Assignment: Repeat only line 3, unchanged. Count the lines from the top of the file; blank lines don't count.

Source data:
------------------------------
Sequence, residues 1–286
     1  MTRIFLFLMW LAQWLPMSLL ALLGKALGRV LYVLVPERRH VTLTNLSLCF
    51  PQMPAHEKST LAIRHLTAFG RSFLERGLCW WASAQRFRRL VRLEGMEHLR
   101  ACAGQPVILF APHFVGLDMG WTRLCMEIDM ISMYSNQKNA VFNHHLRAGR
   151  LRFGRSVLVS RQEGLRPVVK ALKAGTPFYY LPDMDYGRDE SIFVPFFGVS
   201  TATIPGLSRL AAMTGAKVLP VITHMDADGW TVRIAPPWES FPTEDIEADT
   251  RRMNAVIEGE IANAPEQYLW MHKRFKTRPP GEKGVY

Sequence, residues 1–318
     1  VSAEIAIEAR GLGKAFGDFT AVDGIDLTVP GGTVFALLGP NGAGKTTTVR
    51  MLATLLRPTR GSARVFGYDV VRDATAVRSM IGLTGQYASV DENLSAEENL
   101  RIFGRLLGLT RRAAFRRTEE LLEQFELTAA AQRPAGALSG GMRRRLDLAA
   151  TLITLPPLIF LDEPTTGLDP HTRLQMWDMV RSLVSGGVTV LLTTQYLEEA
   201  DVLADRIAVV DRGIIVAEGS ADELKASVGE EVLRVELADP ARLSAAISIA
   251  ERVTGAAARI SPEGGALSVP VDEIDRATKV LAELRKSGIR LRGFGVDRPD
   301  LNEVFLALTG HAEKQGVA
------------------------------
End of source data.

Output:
    51  PQMPAHEKST LAIRHLTAFG RSFLERGLCW WASAQRFRRL VRLEGMEHLR